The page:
Ng was asked if chilli crab was authentic Singaporean food fare, knowing how the small country is a melting pot of numerous cultures. She explained how it started in 1956 from a couple owning a pushcart and eventually touted as one of Singapore’s national dishes by their tourism board on 2009. Evidently, chilli crab is proudly Singaporean.
TOPICA EdTech Group’s Dr. Dang My Chau went hands-on in wrapping Vietnamese spring rolls, with lettuce, carrots, scallions, glass noodles, meat, and shrimp wrapped neatly in rice paper and dipped in soy sauce mixed with a sweet-chili sauce.
The last presenter, Laos’ Nouamkham Chanthabury, Deputy Director General for the Ministry of Education and Sport, presented papaya salad using shredded, raw, green papayas and flavored with lime, chili, tomato, garlic, sugar, shrimp paste, and their local fermented fish sauce. The salad, Chanthabury said, is present in most Lao meals, simple or extravagant, and even in celebrations.
The mildly educational exhibition still leaves the nagging question open: what would an ASEAN dish be like? The keynote speaker, Philippine Ambassador to New Zealand Jesus “Gary” Domingo, had some suggestions.
Where food intersects
In his keynote speech, self-confessed foodie Ambassador Gary noted how there are numerous commonalities in ASEAN food and food culture despite the vastly different cuisines of the countries in ASEAN, from shared ingredients thanks to a long history of trading to adapting Western fare with a local touch (Philippines’ Jollibee, for instance), diverse food cart cultures (Philippines’ tusok-tusok and Singapore’s hawker centres, for instance), the use of hands in eating, and associating food with celebrations.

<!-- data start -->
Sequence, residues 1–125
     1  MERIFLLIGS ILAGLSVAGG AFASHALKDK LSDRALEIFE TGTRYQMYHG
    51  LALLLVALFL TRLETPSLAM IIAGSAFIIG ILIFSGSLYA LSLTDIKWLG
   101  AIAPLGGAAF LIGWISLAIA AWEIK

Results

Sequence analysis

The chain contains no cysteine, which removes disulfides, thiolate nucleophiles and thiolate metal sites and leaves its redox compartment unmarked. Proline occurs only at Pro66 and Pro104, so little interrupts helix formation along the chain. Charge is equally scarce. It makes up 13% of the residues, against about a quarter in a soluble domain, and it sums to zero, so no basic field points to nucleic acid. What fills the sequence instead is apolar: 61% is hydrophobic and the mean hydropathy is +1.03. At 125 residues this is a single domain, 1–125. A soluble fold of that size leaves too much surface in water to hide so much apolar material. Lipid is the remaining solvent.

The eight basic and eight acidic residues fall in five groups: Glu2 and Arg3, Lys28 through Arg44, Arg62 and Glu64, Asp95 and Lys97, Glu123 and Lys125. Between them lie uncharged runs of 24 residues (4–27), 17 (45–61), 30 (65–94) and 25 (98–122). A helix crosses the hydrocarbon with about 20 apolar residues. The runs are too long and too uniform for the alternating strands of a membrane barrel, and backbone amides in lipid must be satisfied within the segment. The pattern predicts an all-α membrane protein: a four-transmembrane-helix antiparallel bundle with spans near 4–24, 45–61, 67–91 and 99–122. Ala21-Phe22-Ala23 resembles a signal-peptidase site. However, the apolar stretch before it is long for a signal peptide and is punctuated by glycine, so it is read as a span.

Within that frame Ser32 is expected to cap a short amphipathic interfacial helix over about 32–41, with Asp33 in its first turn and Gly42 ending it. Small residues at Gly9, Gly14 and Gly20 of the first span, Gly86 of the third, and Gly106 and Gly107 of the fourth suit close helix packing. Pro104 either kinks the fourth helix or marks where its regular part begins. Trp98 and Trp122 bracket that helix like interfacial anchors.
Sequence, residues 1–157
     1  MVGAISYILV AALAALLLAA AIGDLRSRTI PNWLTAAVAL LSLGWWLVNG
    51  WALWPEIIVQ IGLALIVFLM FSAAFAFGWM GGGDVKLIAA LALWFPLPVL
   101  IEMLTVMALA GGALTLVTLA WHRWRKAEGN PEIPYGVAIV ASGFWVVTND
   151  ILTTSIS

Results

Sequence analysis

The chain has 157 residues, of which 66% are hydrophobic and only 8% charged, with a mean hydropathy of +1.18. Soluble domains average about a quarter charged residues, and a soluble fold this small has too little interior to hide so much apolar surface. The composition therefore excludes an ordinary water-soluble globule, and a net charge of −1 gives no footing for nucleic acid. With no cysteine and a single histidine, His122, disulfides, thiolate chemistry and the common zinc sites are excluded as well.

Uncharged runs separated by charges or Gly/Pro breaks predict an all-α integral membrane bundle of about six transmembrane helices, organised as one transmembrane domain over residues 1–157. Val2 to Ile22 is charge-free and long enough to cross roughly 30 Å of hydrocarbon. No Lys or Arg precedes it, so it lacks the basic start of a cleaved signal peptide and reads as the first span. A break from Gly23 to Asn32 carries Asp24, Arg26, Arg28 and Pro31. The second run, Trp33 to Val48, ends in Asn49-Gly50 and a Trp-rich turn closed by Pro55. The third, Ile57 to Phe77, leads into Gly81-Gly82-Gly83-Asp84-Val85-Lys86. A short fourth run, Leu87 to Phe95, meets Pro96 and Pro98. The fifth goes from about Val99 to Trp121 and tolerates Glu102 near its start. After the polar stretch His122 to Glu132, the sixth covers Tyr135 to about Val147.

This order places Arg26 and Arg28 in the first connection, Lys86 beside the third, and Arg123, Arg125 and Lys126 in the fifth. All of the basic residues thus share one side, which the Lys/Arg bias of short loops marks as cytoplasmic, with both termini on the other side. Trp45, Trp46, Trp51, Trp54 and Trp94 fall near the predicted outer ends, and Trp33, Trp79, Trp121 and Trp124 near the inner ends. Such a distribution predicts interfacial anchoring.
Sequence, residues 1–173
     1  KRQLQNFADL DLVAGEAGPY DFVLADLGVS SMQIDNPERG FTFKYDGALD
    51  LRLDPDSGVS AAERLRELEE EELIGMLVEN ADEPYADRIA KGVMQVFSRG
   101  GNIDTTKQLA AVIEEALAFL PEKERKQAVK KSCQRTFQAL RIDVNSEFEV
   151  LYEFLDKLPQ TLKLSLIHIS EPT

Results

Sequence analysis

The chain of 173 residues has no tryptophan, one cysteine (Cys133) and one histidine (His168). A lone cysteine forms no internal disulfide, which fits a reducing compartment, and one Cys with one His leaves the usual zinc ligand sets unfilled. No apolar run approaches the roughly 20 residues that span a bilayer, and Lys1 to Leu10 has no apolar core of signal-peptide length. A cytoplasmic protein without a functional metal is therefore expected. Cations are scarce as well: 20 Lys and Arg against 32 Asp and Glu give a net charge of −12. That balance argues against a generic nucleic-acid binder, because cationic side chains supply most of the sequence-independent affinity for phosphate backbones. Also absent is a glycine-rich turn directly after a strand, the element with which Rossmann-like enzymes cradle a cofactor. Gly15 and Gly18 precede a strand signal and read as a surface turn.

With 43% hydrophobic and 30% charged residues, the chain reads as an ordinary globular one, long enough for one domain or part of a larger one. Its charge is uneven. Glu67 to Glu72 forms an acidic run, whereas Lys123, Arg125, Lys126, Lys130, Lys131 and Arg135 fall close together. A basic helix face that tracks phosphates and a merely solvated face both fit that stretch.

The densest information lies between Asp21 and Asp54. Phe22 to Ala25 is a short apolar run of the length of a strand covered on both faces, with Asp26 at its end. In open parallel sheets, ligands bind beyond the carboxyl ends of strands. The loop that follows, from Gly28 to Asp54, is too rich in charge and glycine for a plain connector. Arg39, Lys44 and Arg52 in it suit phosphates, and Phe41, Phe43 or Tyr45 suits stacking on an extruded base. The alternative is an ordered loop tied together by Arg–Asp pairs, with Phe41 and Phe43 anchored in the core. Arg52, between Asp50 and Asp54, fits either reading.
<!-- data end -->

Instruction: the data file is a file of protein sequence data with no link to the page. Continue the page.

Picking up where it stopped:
However, the different ways food is prepared in the region posed a challenge in fusing them to make up one plate. The ambassador was ready and gave three suggestions: a dish that involves rice a la bibimbap, on a stick and barbecued (a take on kebab), and an ice dessert much like halo-halo – arguing that these are the main food themes in the region, besides the polarizing durian which he did not consider as a dish as it does not require cooking.
While Indonesia’s Rahmento was fond with the suggestion of food on sticks (satay being her prime example), Ambassador Gary’s first suggestion sparked the most interesting discussion. He elaborated further that the “rice bowl” should feature a dish from every country – while most of the speakers were in mutual agreement (inserting their popular dishes while they’re at it), Peter Padman thought that it may resemble nasi kandar more, a dish of steamed rice and various side dishes and curries, due to the distinctness of flavors a dish from each country has to offer.
Chef Lau had a different take: while he acknowledged the idea of having different ASEAN dishes as rice toppings to be “cool,” he said that “there is no one dish that can represent ASEAN; what ASEAN represents really are the vibrant flavors and the rich ingredients that we have … in each of our countries.”
Perhaps the ambassador’s suggestion makes more sense in boasting Southeast Asia’s rich food culture: a food exposition – buffet – of sorts that showcases each country’s cuisine. For a region of diverse tastes, unifying taste buds might be approaching the question in a manner that would be difficult to resolve.
Conceiving an ASEAN dish may not be the answer, but the wonder lingers on.